Fauci says ensuring student and staff safety before reopening schools is a ‘moral imperative’

Questioned about what it will take to safely reopen businesses and schools to jump-start the American economy, Anthony S. Fauci, the nation’s top infectious disease expert, warned on May 12 that “consequences could be really serious” if states move too quickly to return to business as usual.

Asked by Senate Health, Education, Labor and Pensions Committee Chair Sen. Lamar Alexander (R-Tenn.) whether school administrators could feel safe welcoming students back to campus in the fall, Fauci explained that widespread, readily available testing should be in place so that students and school staff could be adequately screened.

The hearing, “COVID-19: Safely Getting Back to Work and Back to School,” highlighted the need for additional state and federal support to allow local educational agencies to safely welcome children back to campus.

Fauci, virtually flanked by Stephen Hahn, head of the Food and Drug Administration; Robert Redfield, director of the Centers for Disease Control and Prevention; and Brett Giroir, an assistant secretary at the Department of Health and Human Services, emphasized the need to continue social distancing practices and further promote the use of personal protective equipment such as masks or other face coverings in public settings.

Acknowledging that extended school closures will lead to learning loss among students and leave some children throughout the country in unsafe home environments or without enough food to eat, Fauci told senators that there is no easy or universal answer when it comes to developing a timeline for reopening schools.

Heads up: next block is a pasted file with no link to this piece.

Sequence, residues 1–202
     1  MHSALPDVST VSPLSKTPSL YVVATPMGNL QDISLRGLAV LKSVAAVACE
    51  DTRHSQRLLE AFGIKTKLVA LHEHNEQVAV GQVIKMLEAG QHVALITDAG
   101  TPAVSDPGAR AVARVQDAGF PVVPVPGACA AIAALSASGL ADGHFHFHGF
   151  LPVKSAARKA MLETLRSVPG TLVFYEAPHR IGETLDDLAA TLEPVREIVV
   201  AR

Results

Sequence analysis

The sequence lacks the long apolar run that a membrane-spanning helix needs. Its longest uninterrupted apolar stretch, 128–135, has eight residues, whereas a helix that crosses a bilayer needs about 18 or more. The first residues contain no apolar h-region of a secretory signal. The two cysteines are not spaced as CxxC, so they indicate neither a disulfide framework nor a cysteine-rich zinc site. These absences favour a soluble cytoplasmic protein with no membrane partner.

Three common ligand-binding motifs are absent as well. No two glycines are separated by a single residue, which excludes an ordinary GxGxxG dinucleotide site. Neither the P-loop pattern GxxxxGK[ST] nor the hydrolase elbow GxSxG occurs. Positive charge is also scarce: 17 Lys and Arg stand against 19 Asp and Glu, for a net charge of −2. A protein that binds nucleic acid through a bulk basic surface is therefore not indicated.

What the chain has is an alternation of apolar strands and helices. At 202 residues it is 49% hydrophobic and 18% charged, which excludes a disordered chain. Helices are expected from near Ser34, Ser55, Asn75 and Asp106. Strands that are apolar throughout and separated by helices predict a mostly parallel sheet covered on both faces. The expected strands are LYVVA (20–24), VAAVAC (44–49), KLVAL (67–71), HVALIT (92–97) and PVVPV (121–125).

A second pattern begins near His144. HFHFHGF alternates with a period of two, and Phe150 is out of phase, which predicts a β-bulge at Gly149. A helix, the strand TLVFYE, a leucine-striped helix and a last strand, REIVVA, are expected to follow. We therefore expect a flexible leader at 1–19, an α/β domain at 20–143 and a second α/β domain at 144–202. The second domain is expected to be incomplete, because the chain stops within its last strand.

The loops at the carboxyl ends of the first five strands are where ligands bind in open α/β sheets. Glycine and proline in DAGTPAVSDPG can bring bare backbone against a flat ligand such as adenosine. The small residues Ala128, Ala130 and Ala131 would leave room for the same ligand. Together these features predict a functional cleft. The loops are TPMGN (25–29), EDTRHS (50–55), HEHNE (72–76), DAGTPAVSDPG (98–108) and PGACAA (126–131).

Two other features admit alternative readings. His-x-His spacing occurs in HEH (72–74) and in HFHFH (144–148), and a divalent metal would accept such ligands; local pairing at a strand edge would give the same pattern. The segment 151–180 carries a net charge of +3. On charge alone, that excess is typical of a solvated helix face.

There is, however, a “moral imperative” to ensure essential workers, including teachers and other school staff, have the resources they need to safely serve their communities, he said — especially with a vaccine for COVID-19 still realistically at least a year away.

In California, Gov. Gavin Newsom and State Superintendent of Public Instruction Tony Thurmond have said that when schools return, it will have to be with measures in place that allow for physical distancing and regular cleaning and disinfecting of surfaces. For districts, this will likely mean staggered schedules that allow for smaller groups in classrooms, cafeterias and gyms, as well as blended learning models that allow students to learn from home some days and attend class in-person other days.

“There are many significant changes that will need to be made to school systems to ensure the safety of students and staff in schools, and with education budgets already stretched thin as a result of COVID-19, districts need support at the state and federal levels,” said California School Boards Association CEO & Executive Director Vernon M. Billy. “There needs to be a commitment from state and federal leaders to provide the resources and funding necessary to provide learning opportunities in the safest possible environments.”

While educators are eager to welcome students back to campus, school board members understand that returning to “normal” cannot jeopardize the safety of students, and that when schools do reopen, that decision must be based on what makes sense for students academically and from a health perspective.

CSBA is working with state lawmakers and the Governor’s office to ensure that several conditions are met before resuming on-campus classes statewide. Among those:

  • Testing is widespread and accessible to all Californians
  • The state does not cut school funding, but increases funding to pay for current year and budget year (2021) COVID-19 related costs
  • The state provides clear guidelines on what social distancing means in a school setting and, working with local school boards and superintendents, determines that implementation is plausible
  • The state provides funding and support for the actual costs and support needed to effectively implement social distancing measures on campus
  • The state leads schools in obtaining and supplying the personal protective equipment needed for the safety of students, staff and community
  • The state makes additional progress in providing access to technology such as broadband internet and computers that will be needed to resume school under a cohort/staggered/hybrid model
  • The state has a plan in place and commitment to not cut school funding if a second wave of the pandemic forces the temporary closure of schools or a full-time return to distance learning

Find more information about CSBA’s advocacy efforts.